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This malt is getting only harder to find, so this review is mostly for people wondering whether it's worth seeking. I bought this Golden Cask after trying the “mere” Caribbean expression of the same age, figuring "why not move up to 'Golden'"? I was unable to find good comparisons the two, but existing Golden Cask reviews gave me the impression that this would be richer with "rum spices" and somewhat bolder in fruit. Let's see.
Nose: Quite light (as was the Caribbean). I find the aromas develop in the order: Brown sugar/honey, lemon drops, menthol, underripe banana-green pear skins. Maybe unsalted butter and a hint of that aroma found in Juras. Water doesn't do much. Overall, very light with fruits and anesthetically fresh. I'd expected more significant banana richness.
Palate: Overall leafy and woody-- and surprisingly dry. The entrance is grassy: less sugarcane than sap from its leaves. The leaf impression becomes woodier, a little like biting into bitter cinnamon bark. Bitter-sour-minty. It ends not with banana, but more like a banana-tree leaf. Water is needed and helps bring out some honey to balance out the otherwise bitter complexities.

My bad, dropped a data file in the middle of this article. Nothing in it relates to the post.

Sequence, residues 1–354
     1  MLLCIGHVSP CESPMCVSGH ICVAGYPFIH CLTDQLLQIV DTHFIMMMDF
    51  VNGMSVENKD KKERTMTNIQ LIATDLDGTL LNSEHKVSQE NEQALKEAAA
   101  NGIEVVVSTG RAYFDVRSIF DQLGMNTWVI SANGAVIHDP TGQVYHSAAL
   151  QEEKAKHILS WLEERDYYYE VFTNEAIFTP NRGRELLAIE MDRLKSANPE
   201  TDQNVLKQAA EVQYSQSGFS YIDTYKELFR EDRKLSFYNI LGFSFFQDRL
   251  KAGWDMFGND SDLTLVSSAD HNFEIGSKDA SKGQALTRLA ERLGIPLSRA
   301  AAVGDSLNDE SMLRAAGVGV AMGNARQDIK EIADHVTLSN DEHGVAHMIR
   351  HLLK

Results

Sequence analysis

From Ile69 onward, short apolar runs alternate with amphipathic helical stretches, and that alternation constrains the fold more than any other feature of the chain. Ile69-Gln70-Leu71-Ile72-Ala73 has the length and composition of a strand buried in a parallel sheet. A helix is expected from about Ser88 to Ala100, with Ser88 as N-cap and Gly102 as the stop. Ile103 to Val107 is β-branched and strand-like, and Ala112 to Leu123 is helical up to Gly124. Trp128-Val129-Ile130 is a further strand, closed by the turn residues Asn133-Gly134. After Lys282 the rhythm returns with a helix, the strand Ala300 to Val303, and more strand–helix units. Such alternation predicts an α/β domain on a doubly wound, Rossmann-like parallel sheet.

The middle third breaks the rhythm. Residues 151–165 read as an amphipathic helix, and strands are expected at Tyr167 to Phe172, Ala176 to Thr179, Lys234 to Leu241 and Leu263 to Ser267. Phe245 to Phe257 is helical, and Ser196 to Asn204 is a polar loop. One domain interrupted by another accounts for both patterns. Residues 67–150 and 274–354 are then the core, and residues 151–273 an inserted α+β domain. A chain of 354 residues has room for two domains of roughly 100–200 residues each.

Finish: Woody nutmeg and pine cones. Dry. Water also greatly improves here, bringing some smoothening vanilla and honey sweetness.
So all-in-all, the Golden Cask was a little disappointing for its woody dryness. My rating applies to the addition of water, which greatly improves it by diluting those bitter edges into curious complexities, while also adding vanilla and honey balance. Nevertheless, I would prefer the flavors of the Caribbean Cask, which was equally light but better balanced. However, I am continuing to store the Golden Cask to track its development. See my follow-up in the comments section….
The most similar malt in character is probably Glenmorangie’s Astar. The Balvenie is not as strong, but so far I find it better balanced.